Winter weekend mornings are perfect for catching a little extra shut-eye, but my fur-covered drill sergeant thinks it’s important to rise and shine on schedule, seven days a week. I can’t seem to dissuade him from this mindset.
There’s a snooze button on clock radios and even on my iPhone, but wire-haired fox terriers don’t come with that feature as standard equipment. Snug in my blanket burrow, my sympathy for small, ground-dwelling creatures is renewed every time Dash excavates me from beneath the covers and insists, “GET UP! It’s time to OPEN YOUR EYES!!”
Once we’re out the door he begins to search in earnest for that one perfect piece of real estate on which to make his mark. This takes some time—Dash has strong feelings about the importance of a job well-done—so as we mosey along, I often find myself absent-mindedly scanning the terrain as well (although I use my eyes instead of my nose, and not with the same objective).
We had a warm spell in Southwestern Virginia this past weekend. The glaciers that formed when snowplows cleared the parking lot after the last storm had nearly disappeared, so there was more to see than just an expanse of dingy white. That’s when I noticed etchings in the dun-colored grass near the pathway.
At first I thought the scribbles were the result of melting ice, but somehow that didn’t feel right. I took a closer look…
…and began to develop a hypothesis: meadow voles. But if a vole was the engineer behind this winding road, where was the signature grassy-igloo nest?
Aha—I knew it! And not just one… there was a second nest. I could read what had happened as if a book lay open before me. A heavy blanket of white stuff gets shoved over the curb to form a snowy fortress, just waiting for an intrepid rodent willing to do a little mining. Food and building materials close at hand, there’s no need to venture out into a world filled with hungry predators.
Meadow voles (Microtus pennsylvanicus) claim many an alias: meadow mice, field mice, round moles, meadow moles. They are neither moles nor mice, but they are closely related to the latter. Moles are insectivores. Mice and voles are rodents, and there are physical similarities. Voles have shorter legs and tails than mice, but it’s dentition—their teeth—that caused mammalogists to set them apart from others gnawers. The upper cheek tooth row is relatively long compared to other rodents, and the third premolar has some distinguishing characteristics.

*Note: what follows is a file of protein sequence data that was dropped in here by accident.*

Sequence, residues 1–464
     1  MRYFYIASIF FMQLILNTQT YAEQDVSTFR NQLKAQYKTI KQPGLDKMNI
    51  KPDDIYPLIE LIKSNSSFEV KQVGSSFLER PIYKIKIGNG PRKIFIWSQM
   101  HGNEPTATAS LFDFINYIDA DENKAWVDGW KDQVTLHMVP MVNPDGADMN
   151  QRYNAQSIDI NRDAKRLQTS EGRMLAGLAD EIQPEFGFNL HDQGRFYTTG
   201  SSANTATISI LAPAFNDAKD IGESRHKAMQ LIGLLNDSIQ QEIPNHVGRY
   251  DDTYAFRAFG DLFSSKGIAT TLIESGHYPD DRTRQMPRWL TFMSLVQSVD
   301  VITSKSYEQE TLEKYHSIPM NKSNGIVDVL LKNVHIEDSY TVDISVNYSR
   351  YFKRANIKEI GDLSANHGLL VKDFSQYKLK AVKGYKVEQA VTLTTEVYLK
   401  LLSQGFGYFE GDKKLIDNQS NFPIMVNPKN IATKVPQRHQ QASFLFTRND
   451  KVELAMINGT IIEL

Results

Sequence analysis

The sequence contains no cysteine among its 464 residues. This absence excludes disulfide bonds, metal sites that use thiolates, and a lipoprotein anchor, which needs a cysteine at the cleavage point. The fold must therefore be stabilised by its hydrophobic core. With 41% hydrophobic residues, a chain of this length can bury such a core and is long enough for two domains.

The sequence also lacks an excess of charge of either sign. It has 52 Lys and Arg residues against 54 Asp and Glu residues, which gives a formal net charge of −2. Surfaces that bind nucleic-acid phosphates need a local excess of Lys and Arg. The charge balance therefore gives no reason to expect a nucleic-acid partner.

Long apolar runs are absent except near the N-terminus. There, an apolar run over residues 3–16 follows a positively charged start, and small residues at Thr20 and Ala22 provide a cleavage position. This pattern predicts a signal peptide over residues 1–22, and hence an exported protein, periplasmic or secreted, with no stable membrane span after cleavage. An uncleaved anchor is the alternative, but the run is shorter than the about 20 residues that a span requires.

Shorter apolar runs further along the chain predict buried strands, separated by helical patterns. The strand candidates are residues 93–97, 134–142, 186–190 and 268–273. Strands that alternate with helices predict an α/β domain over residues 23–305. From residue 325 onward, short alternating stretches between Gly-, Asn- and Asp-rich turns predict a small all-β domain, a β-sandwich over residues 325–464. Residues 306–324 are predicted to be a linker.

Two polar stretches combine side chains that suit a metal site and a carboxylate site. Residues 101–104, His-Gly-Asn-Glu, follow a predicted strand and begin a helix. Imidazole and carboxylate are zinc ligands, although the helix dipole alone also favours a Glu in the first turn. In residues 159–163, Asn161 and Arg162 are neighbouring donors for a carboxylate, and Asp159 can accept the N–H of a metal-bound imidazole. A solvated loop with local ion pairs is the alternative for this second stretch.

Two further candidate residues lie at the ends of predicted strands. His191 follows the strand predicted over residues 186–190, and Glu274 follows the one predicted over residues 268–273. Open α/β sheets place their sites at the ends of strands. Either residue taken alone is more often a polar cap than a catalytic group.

(Taxonomists are a crowd that believes the key to life is in the details.)
As soon as Dash finished his business, I dropped him off back home so I could take a closer look—you can’t sneak up on a rodent with an inquisitive terrier in tow. Camera in hand, I examined the carefully arranged, perfectly spherical, palm-sized mound of dried grass and wondered… had the nest become a nursery? Had the vole family tree added another branch? I listened carefully, but if a creature was stirring it wasn’t loud enough to register in my ears. The weather forecast for the following day called for a precipitous drop to more seasonal temperatures… would the nest prove warm enough without its outer ice-cave shell?
Oh, who was I kidding? I’m a woman of the natural world and I could see the writing on the sod. What had once been a well-camouflaged hideaway now looked like a treasure map for predators. If the other companion canines in our neighborhood overlooked these nests while on their quest for bladder relief, it’s unlikely the raccoons, opossums, and even tree squirrels in the woods just beyond the pavement would be so clueless.
I’m a tender-hearted soul, I’ll admit. But I’m also a biologist, and therefore an equal-opportunity empathizer. I hate to think of those vulnerable pink babies being gobbled down, but I wouldn’t like to see a starving raccoon either. Some creatures die so other may live. It’s the way of this world.
But while they are alive, in the course of going about the business of living, voles make a unique if fleeting mark on the world that can be discovered and appreciated by anyone who will open her eyes.
Thank you, Drill Sergeant Dash, sir!
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© 2011 Next-Door Nature— no reprints without written permission from the author. Thanks to the following photographer for making his work available through a Creative Commons License: Leo Papandreou (meadow vole).